8. Media shouldn’t have to wait in a long line to have access to an event that we were invited to cover. In fact, media should never have to wait in a long line or the general public line to get in. This isn’t about leisurely enjoying and event like the public, it’s more about finding what we need to write about and we may have other deadlines that we need to be in and out of the event for. And while we’re at it, have VIP areas for media. It makes it much easier to share on social while we are there and makes interviewing less of a hassle.
9. Planning events in the middle of the day. We may have flexibility but it doesn’t mean we like taking 3 hours out of the day for an event. “Events that are in the middle of the day are very difficult, since it requires me pausing work or scheduling around it. There’s never a time when I want to get drunk on a Tuesday at a brunch in the middle of the day.” Lindsay Tigar
10. Repeated follow ups about coverage. “Yes, coverage is the goal and writers know that. However, if you’re hosting a general event, your secondary goal is familiarity with the product, so coverage may not come right away. You need to be okay with that as a brand/publicist.” Anna Davies
11. Be prepared. Similar to point 10, Start your event on time. Don’t make us wait around while you are setting up. And don’t make us wait for food and drink. The pros will have it flowing as soon as we walk in.
12. Take backs are a no no. In your personal life, would you invite someone to your party and then uninvite them? No? Well why would you do that to a writer or blogger? It’s poor taste and you’ll likely be put at the bottom of our list when it comes to choosing what events to go attend. And it happens way more often that you’d believe!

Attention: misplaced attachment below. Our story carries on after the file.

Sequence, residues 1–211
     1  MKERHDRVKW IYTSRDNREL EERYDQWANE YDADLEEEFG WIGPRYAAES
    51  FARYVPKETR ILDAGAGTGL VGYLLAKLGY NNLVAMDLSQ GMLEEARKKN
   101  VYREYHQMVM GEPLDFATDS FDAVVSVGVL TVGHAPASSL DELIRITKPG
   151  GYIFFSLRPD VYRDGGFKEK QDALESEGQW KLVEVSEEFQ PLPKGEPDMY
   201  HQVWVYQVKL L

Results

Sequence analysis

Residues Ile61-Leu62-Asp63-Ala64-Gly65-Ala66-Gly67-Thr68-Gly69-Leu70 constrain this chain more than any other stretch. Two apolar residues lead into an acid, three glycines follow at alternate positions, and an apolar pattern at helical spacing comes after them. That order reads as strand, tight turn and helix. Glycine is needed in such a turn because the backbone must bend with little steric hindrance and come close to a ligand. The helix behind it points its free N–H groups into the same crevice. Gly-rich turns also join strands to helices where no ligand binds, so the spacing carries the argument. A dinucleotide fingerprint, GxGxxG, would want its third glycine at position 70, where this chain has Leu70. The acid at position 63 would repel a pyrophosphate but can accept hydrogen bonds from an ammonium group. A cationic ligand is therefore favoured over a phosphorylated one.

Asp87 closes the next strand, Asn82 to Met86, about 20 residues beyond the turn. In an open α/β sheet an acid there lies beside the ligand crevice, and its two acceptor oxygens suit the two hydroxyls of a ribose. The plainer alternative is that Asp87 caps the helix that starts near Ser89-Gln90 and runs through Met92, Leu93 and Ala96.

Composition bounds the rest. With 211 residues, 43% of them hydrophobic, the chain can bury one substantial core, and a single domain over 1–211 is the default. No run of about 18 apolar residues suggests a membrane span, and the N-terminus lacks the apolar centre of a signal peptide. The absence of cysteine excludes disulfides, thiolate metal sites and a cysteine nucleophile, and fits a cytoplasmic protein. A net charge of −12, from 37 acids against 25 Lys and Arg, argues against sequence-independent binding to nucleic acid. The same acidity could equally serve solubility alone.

13. Blacklisting a writer after one not so positive review. It’s time to put on your big girl or big boy pants and stop being childish. Here’s the sitch: I picked out an Italian restaurant for my birthday that I’d been wanting to visit and PAID FOR IT MYSELF. It was woefully disappointing and I wrote about it. The publicist told me she’d never have me visit any of her clients as she “couldn’t take the risk” I would write something less than positive. I’ve been writing about food for 10 years and have published several culinary guide books, but okay. Her clients just missed out on being included in a city guide I just wrote for a national publication.
14. SWAG bags deficiencies. If you are providing swag bags, make sure all media/bloggers get one. PR will be doing a disservice if you only allotted a certain amount of bags and everyone doesn’t get one. And if by chance this does happen, (it happened to me last month and the SWAG contained a gift card to come back for a proper dinner at the restaurant), make sure to get the it to the writer, even if you have to snail mail. PS – All the PR company did was apologize. What are the chances I will go to one of their events in the future?
15. Not being social. Nothing to do with not being friendly, I mean not telling us the hashtag or handles for social media ahead of time. We should already have it in the email. But it should be on any printed materials at the event. And YOU should know your clients’ handles and which social sites they are on. If I had a dollar for every time I asked “What is the Instagram?” and being told “Um…they’re on Facebook.” Uggggh!
16. Think of the environment. It is very helpful to be sent home with a drive of information or a link via email, rather than physical pieces of paper. It adds clutter and if you are like me, you may throw something like this away instead of having it easily accessible like it would be in email or on a flash drive.
17. Destination disorganization. I find that its the exception, not the rule, for a destination to throw a lavish event, and then not bother to follow up about scheduling a visit or even ask if writers or bloggers need more information. Why would you go to the expense of footing the bill for an expensive dinner, travel costs for staff and not follow up with writers?
What other rookie PR mistakes have you been exposed to?